Gini Dietrich

Apologies in a Crisis and Other Lessons from Apple

By: Gini Dietrich | October 1, 2012 | 
93

On Saturday morning, Mr. D and I made our way to Michigan Avenue to visit the flagship Apple store.

I would have preferred the less touristy store in Lincoln Park, but we were there to get his new iPhone 5 and it was where they sent us (in other words, we had no choice).

Because he’s never upgraded his phone (he still had the very first and original iPhone), I didn’t make much of a stink of it because it’s about freaking time.

When we arrived at 9 a.m., the store wasn’t yet open, but they were letting people in who had reserved phones. A full hour before they opened to the public.

I’d heard rumblings that the Apple geeks (geniuses, customer service reps, what are they called?) are no longer allowed to spend more than 20 minutes with a customer, so I was also anxious to test that out.

Just a Rumor?

He had his phone within minutes of arriving, but then Benny (who became our BFF in the next hour and 20 minutes) suggested he do a back-up of his old phone from the cloud and then he sat with us while Mr. D set up his new phone.

It turns out, either because of the amount of money we spent or the rumor wasn’t true, Benny spent an inordinate amount of time with us. He was showing me cool tips and tricks with iOS 6 and, when something wasn’t working properly on my phone, he called over four different geeks to help me.

It was a really great experience, even though I was on Michigan Avenue on a Saturday.

This rumor is being told over and over again in news stories as one of the things Tim Cook has changed since taking over the leadership position at the company. Now, if someone were to come in and kick the tires or want tips and tricks without attending one of the gazillion training sessions each store offers, I can understand putting a limit on how long a geek can spend.

But, as paying customers, it was not something we experienced.

Apologies in a Crisis

Something else interesting is happening with the leadership at Apple. Tim Cook apologized on Friday to Apple customers, fans, and critics for the issues the maps have in the new operating system. Not only did he apologize, he suggested people use Google maps while they figure out the issues.

I’m positive Steve Jobs is rolling over in his grave because of that, but as a communications professional, I appreciate the humility and effectiveness an apology brings.

We are extremely sorry for the frustration this has caused our customers and we are doing everything we can to make Maps better. While we’re improving Maps, you can try alternatives by downloading map apps from the App Store like Bing, MapQuest, and Waze, or use Google or Nokia maps by going to their websites and creating an icon on your home screen to their web app.

The last time the company faced a crisis was with the launch of the iPhone 4 and its reception issues. Steve Jobs, in his way, refused to admit anything was wrong, let alone apologize.

The Lesson for You

There isn’t a single organization devoid of mistakes. Heck, I run a small organization and even we’ve had cause to apologize from time to time.

You will make a mistake. You will have a customer upset with you. You will miss a social media alert that tells you someone is peeved. You will have customer service issues. You will face a crisis.

The single best thing you can do? Apologize and publicly tell customers what it is you’re going to do to fix the issue. Do not use the word “but” when you make your apology.

Say you’re sorry and we’re going to do X, Y, and Z to fix it.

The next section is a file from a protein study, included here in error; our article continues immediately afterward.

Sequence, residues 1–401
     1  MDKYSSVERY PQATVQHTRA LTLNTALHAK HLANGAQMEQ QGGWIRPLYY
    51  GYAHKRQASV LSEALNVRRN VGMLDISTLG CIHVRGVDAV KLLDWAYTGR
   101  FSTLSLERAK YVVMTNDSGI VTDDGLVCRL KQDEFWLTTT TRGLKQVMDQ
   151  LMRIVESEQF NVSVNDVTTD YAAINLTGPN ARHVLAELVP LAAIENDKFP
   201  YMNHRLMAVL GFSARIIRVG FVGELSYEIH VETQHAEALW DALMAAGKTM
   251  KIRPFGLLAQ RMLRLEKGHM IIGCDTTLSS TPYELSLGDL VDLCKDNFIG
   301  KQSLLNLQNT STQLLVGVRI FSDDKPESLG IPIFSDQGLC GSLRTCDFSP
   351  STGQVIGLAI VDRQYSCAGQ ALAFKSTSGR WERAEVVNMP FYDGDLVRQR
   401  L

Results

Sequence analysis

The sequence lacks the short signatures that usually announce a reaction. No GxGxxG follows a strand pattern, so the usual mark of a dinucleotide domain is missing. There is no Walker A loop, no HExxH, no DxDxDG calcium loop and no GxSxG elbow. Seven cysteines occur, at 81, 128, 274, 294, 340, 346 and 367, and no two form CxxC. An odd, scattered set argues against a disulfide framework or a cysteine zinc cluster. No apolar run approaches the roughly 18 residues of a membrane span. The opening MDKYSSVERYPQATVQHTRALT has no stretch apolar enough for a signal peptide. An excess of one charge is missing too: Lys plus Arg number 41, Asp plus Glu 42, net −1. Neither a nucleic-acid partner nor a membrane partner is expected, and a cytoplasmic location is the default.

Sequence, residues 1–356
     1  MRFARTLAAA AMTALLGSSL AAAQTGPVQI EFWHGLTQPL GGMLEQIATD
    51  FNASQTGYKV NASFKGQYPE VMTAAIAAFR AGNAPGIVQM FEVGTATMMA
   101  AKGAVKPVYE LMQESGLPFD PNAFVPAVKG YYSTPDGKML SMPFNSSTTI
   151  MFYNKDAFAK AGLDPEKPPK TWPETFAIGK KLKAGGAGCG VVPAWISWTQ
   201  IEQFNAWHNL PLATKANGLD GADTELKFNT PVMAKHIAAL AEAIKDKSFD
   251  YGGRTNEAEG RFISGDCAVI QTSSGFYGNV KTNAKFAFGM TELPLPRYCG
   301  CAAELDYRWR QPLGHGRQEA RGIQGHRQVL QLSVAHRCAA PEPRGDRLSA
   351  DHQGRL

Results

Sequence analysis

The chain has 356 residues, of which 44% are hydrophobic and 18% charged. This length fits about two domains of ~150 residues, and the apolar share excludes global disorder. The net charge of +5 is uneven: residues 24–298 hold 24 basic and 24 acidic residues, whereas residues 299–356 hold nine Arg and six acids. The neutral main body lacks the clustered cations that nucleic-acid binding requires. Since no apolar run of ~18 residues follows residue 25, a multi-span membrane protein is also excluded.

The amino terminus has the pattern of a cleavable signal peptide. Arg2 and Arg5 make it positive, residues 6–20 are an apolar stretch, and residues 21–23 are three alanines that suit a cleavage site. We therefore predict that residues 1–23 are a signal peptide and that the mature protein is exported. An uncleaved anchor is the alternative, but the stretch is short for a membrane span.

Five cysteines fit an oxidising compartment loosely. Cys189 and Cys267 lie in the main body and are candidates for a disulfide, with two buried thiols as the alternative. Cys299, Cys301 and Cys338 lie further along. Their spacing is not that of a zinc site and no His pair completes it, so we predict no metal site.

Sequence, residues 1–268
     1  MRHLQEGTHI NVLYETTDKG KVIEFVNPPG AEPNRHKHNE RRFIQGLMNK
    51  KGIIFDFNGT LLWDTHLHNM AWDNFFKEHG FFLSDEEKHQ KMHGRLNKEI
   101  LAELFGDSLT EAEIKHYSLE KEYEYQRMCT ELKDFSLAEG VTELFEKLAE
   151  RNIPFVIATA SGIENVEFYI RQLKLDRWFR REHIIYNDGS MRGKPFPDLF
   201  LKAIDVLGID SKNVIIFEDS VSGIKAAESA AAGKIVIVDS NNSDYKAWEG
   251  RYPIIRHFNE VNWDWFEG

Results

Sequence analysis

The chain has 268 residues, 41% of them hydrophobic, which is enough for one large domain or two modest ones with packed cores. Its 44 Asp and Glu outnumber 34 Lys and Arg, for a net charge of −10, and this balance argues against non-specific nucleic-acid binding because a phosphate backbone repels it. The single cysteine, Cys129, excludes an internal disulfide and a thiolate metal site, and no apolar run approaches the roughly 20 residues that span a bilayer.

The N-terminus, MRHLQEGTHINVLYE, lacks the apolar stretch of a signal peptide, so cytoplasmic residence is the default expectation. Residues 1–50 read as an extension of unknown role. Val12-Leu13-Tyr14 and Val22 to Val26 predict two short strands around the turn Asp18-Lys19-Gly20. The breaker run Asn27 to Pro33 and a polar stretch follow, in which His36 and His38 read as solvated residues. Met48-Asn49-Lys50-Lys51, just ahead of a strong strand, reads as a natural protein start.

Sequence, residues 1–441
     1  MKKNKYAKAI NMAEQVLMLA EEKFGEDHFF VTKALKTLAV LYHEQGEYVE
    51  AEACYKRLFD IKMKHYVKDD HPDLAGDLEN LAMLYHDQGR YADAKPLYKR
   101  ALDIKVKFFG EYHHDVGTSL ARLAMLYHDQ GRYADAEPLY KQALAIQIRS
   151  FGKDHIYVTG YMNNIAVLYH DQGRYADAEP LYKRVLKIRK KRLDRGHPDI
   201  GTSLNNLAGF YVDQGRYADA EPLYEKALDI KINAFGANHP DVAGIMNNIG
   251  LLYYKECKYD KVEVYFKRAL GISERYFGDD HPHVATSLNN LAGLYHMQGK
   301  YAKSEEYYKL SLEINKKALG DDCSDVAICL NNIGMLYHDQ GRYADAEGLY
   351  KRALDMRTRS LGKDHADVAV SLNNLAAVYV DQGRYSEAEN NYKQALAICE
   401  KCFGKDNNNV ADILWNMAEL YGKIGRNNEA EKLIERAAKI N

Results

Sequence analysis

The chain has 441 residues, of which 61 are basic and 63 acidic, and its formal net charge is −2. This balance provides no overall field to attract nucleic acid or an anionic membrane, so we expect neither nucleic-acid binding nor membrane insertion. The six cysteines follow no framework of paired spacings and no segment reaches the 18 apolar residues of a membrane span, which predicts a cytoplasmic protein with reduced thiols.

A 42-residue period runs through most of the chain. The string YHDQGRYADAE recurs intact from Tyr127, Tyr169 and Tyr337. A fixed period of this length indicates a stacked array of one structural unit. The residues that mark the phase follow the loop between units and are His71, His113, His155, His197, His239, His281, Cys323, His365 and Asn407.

Apple seems to be learning that lesson. So can you.

About Gini Dietrich


Gini Dietrich is the founder and CEO of Arment Dietrich, an integrated marketing communications firm. She is the author of Spin Sucks, co-author of Marketing in the Round, and co-host of Inside PR. She also is the lead blogger at Spin Sucks and is the founder of Spin Sucks Pro.

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93 responses to “Apologies in a Crisis and Other Lessons from Apple”

  1. GeoffReiner says:

    Great information Gini!
     
    I too appreciate the authenticity Cook has provided in the last few weeks. His vulnerability and openness to the public shows that even some of the best make mistakes too. And willing to admit it is the first step in creating a loyal community!
    Cheers 

  2. KenMueller says:

    Looks like we were sorta on the same wavelength today. I almost used the Apple situation as an example, but didn’t for some reason.

  3. 2twitme says:

    @ginidietrich @spinsucks Thankfully someone in Apple’s Comm team understands The Theory of Corporate Apologia. 🙂

  4. JayDolan says:

    @ginidietrich Finally? They apologized and gave people stuff during Antennagate.

  5. barbsawyers says:

    I love that they didn’t say “sorry, but…” The “but” usually means trying to wiggle out of taking responsibility for the mistake. It’s often part of apologies from businesses, children, criminals and friends. Well done, Apple.

  6. bradmarley says:

    In a way, Steve Jobs set up Apple to fail (or at least take a PR hit) in the long run by taking a hard line stance when it came to not making apologies for Apple products. His my-way-or-the-highway attitude was embraced by the media, the same media who are now ridiculing Tim Cook for apologizing about the poor quality of the maps.
     
    In the long run, though, no company can stay bulletproof forever. There will come a time when controversy calls for an apology. This is Apple’s time. Unfortunately, the timing isn’t ideal. (When is it?)
     
    It’s actually quite interesting to watch the reactions. Everyone seems to think Cook would just slide into Jobs’ shoes with no issue. Like that could ever happen.

    •  @bradmarley I’m with you on this, Brad. Steve was definitely a unique leader in a lot of ways. Tim Cook is no Steve Jobs, but then who could be other than Steve? 

    • ginidietrich says:

       @bradmarley The thing about Jobs is he did everything wrong and he was successful in spite of it….because he was a genius when it came to marketing products and because he was a perfectionist. So people were willing to give him some leeway. But that doesn’t work for 99% of the rest of the world so Cook is going to have to do things differently.